Israel Education Initiative

Jewish LearningWorks' Classic Israeli Tales Takes to the Jungle

While on vacation in Belize, Ilan Vitemberg, Director of Jewish LearningWorks' Israel Education Initiative, along with his partner, Peter and their cast of hand-made puppets performed their rollicking Hebrew/English adaptation of a classic Israeli story for school children in a Mayan village. 

Dira Le’haskir (Apartment for Rent) brings to life the most beloved Israeli children story of all time. An allegory to be sure, the story, by Leah Goldberg, focuses on many species of animals who, despite their differences, find a way to live together in harmony. Laden with donations of school supplies from the staff at Jewish LearningWorks Ilan and Peter were received with open arms and ear to ear grins.
This beloved story is part of Jewish LearningWorks' Classic Israeli Bookshelf and is performed all across the Bay Area, in day schools, synagogue schools and at the Jewish Community Library.

Israel Education, Every Day

On Yom Ha’atsmaut our community comes together to celebrate Israel, making now the perfect time to highlight the Israel education work happening here at Jewish LearningWorks each and every day, all year long.

With the support of generous funders including the Jim Joseph Foundation and the Goldman Fund, we have developed innovative new approaches to Israel education, partnering with educators and schools across Northern California.

That work includes:

  • Israel Educators Network – Community of Practice for Israel educators throughout Northern California
  • Summer Israel Seminar for Jewish Educators – brings educators to Israel for an intensive two-week seminar to fuel their pedagogy;
  • Tractate: Independence – ground-breaking  Israel curriculum for teens and young adults.  In pilot phase with nine schools (day and synagogue ) here, in Northern California;
  • Classic Israeli Tales – curriculum introduces elementary and pre-school aged Americans to Israeli children’s stories;
  • Educational exhibits, curricula and resources: Poster Tales, Apartment for Rent, Coexistence, , Tel Aviv Exploration, Theodore Herzl, and more;
  • Israel Education e-newsletter – monthly resources for hundreds of Bay Area educators.

To learn more about this work or to take advantage of support, email

Tractate Independence

Tractate Independence is a collaborative effort between Jewish LearningWorks and the Jerusalem-based organization Rabbis for Human Rights.

Tractate Independence takes a Talmudic approach to the study of Israel's Declaration of Independence. It explores critical issues facing Israeli society through the lens of Jewish history and literature. The curriculum challenges the learner to discover the multifaceted reality of Israel in the context of its founding vision.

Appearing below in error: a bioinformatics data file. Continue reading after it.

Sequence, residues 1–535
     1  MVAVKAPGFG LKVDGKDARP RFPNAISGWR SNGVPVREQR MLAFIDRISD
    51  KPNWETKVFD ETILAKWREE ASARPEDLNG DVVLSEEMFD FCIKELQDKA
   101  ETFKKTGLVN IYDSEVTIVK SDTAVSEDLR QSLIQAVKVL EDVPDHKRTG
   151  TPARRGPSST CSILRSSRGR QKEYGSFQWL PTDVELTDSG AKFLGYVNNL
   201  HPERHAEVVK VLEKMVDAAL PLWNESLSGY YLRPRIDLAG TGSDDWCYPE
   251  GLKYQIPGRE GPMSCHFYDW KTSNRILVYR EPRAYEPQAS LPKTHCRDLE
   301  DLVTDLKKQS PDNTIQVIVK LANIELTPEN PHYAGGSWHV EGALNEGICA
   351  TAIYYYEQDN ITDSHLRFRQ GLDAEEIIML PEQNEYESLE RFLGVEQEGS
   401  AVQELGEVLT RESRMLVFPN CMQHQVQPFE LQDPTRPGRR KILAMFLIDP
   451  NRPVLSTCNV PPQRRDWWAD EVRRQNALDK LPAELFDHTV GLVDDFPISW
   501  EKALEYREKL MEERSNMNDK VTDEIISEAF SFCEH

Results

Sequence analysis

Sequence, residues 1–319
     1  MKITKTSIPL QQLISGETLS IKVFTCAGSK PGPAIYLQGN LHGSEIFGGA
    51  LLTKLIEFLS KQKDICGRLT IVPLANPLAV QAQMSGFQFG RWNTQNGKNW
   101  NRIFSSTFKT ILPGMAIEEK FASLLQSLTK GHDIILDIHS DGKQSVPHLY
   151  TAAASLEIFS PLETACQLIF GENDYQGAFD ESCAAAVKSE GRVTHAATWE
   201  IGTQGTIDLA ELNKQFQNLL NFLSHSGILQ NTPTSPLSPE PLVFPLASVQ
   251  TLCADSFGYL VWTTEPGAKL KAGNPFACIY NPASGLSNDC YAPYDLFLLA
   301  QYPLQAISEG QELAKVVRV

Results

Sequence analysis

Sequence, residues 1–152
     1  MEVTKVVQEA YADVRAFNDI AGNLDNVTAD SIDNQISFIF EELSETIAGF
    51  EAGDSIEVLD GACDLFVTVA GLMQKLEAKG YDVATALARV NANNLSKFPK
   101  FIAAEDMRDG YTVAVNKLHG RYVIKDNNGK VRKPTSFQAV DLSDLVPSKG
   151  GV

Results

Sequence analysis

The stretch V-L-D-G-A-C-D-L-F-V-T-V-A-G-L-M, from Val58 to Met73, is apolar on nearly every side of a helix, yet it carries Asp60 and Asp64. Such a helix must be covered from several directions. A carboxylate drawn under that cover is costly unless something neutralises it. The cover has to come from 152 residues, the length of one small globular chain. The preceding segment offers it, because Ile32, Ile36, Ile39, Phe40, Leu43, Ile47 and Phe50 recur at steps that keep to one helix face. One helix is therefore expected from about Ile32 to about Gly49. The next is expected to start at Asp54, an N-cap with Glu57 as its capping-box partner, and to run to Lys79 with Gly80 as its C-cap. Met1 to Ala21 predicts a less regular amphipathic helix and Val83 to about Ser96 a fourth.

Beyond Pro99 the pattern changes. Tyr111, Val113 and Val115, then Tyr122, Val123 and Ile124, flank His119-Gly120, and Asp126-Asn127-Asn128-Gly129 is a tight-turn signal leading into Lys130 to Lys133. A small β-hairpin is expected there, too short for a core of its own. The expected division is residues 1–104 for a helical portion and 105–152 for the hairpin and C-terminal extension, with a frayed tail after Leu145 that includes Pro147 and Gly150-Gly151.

The educational program is comprised of two booklets: Text Study Pages and Lesson Plans.  The program focuses on two paragraphs in the Declaration: The first paragraph and the thirteenth paragraph and examines them through different lenses.  

Tractate Independence Sample Lessons
Intended for middle and high school students, this curriculum sample hones in on two lenses: 

Kam - Arose
The first line in the Declaration states:
"The Land of Israel was the birthplace of the Jewish people." 
And in another translation:
"In the Land of Israel the Jewish people came into being." 
This lesson examines the meaning of the Hebrew verb kam used in the first line of Israel's Declaration of Independence. Though the official translation is "birthplace" and the Independence Hall's translation is "came into being," the word has a wealth of meanings.  Through sources ranging from the Biblical to the contemporary, students are encouraged to explore the connection between the Jewish people and its land.
Sample pages and lesson plans

Dror/Hofesh/Herut - Liberty
Paragraph thirteenth of the Declaration reads:
"The State of Israel...will be based on envisaged by the prophets of Israel".
This lesson explores the different meanings of freedom and its synonyms. A variety of texts from the Torah and prophets, to rabbinic, medieval and modern commentaries, legal covenants and poetry provide an opportunity to explore the value of freedom and its limitations.
Sample pages and lesson plans  

We are currently piloting the program in a few local schools.
To explore this resource, please contact

My Promised Land by Ari Shavit

Leading Israeli columnist and writer Ari Shavit, known for challenging the dogmas of both right and left, is coming to the Bay Area for a discussion on the making of modern Israel the week of Hanukkah.

Shavit, a columnist for Israel's Haaretz newspaper, was born in 1957. He says serving in the Israeli army in the occupied territories left him "morally outraged" and turned him into a peace and human rights activist. But he writes that there are no simple answers in the Middle East, which is why he prides himself on challenging "both right-wing and left-wing dogmas."

Please find a very comprehensive book guide, created by Makom, of the Jewish Agency for Israel, for Ari Shavit's new book My Promised Land.

You can hear a conversation between Terry Gross and Mr. Shavit on  Fresh Air, read excerpt from it in the New Yorker,  Lydda 1948 and read a review about the book in the New York Times.  Also, check out this piece in Tabet in which six authors reflect on and respond to Shavit’s new book.